An in silico drug treatment model to assess the robustness of regional age-based dosing regimens for artemisinin-based combination therapies
© Staehli Hodel et al; licensee BioMed Central Ltd. 2012
Published: 15 October 2012
The standard drug development process for antimalarials and other drugs uses weight-based dosing (mg/kg) to predict blood concentrations of the drug, and hence their effect. Consequently, the current World Health Organization Guidelines for the treatment of malaria  provide target doses and therapeutic dose ranges in mg/ kg/day. However, in resource-poor settings, age-based dosing is often employed instead of weight-based dosing because of the scarcity of correctly functioning weighing scales outside of clinical settings. Due to the wide variation in weight by age this approach inevitably results in over- and under-dosing of a proportion of the population.
We have recently developed a modelling method to create statistically robust global and regional malaria-specific weight-for-age references representative of the malaria-endemic countries  and employed it to predict optimized age-based regimens for artemisinin-based combination therapies (ACTs) for case management of uncomplicated malaria (unpublished). The presented work now assesses the robustness of these age-based regimens using an in silico model of antimalarial drug treatment to predict treatment outcome based on individual infection parameters such as parasite numbers, variation in patient pharmacokinetics, and parasite variation in their drug sensitivity . This extended pharmacokinetic/pharmakodynamic model for ACTs allowed us to investigate extreme treatment scenarios in a large number of patients over long follow-up periods that for ethical reasons could not be applied in clinical trials: typical examples include poor adherence (e.g. delayed, reduced or missed doses) or administration of doses above or below recommended therapeutic dose ranges and particularly in most vulnerable individuals such as infants and young children. Pharmacological modelling of antimalarial treatment cannot replace the gold standard of clinical trials, but the model outputs can identify patient groups that are at higher risk of treatment failure due to under-dosing or adverse events due to over-dosing.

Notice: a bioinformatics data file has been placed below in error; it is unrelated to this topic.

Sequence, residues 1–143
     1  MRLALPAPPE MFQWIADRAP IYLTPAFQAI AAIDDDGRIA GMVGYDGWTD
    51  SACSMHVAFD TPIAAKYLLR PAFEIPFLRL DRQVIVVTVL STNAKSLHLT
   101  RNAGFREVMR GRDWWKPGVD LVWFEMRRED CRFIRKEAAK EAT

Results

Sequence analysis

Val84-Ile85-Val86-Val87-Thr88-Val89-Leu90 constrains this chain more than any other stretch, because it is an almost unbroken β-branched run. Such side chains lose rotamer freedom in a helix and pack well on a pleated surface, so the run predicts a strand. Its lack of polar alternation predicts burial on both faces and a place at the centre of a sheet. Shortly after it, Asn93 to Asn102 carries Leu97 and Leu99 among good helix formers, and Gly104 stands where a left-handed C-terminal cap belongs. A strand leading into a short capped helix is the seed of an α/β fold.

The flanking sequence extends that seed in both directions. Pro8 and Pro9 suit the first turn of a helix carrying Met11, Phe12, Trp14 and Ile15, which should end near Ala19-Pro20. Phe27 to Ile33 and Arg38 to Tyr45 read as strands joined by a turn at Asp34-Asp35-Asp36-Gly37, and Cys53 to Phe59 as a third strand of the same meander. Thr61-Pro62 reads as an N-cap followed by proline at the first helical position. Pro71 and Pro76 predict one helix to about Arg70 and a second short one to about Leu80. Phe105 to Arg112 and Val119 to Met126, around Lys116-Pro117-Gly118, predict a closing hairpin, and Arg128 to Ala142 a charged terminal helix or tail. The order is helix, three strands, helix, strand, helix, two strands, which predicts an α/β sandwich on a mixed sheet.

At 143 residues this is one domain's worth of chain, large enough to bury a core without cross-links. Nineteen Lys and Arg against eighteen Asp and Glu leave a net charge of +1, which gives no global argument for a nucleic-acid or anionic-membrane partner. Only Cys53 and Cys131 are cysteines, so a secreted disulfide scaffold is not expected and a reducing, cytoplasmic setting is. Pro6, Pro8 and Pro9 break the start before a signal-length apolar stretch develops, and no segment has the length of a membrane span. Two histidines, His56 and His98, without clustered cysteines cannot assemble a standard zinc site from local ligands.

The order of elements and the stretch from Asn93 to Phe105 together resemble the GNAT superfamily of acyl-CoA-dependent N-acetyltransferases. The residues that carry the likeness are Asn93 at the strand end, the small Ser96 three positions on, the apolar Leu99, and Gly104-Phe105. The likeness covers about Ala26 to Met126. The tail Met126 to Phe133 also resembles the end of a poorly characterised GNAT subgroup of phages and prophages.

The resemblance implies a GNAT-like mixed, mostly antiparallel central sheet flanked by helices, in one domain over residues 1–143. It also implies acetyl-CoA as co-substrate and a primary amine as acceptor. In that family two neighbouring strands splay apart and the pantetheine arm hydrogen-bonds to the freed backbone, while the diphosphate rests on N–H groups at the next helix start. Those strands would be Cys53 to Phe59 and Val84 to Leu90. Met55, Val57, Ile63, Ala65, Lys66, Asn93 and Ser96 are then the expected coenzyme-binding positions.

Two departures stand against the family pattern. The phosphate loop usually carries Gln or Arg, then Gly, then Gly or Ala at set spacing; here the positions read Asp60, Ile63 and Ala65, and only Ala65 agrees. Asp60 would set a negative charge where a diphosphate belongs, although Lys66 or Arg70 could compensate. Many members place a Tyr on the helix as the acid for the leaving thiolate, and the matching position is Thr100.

We acknowledge the Medical Research Council for funding of this work.
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